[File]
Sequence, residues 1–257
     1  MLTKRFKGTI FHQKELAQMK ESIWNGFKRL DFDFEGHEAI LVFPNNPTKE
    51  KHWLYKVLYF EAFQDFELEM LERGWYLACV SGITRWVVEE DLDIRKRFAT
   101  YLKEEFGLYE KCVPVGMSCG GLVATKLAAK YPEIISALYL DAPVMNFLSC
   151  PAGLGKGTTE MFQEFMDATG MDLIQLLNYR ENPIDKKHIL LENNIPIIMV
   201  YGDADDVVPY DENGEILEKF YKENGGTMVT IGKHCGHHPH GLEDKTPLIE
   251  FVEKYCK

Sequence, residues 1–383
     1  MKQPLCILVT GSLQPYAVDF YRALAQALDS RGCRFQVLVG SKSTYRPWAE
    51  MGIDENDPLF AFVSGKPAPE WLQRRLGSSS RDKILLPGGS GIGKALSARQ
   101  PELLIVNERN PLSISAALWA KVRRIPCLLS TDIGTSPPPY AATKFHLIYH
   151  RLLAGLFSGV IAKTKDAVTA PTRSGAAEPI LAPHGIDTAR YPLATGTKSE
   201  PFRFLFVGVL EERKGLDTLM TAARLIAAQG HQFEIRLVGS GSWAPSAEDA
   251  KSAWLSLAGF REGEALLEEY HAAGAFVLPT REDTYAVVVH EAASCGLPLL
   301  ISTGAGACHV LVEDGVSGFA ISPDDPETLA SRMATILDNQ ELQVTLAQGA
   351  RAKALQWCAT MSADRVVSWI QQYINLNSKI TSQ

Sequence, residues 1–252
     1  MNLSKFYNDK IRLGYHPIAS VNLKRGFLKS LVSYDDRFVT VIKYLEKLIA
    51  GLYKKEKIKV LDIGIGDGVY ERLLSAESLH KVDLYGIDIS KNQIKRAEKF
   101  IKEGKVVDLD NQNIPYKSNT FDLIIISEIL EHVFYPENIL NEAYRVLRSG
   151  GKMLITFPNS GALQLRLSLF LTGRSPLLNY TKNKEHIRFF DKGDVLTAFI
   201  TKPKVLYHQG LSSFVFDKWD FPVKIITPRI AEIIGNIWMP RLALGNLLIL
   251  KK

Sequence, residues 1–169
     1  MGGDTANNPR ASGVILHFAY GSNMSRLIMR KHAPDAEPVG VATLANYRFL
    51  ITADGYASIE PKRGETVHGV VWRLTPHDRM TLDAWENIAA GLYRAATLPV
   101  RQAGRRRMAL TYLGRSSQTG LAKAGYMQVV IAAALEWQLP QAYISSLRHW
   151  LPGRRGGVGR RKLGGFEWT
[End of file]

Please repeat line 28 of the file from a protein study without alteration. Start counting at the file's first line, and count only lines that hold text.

   151  LPGRRGGVGR RKLGGFEWT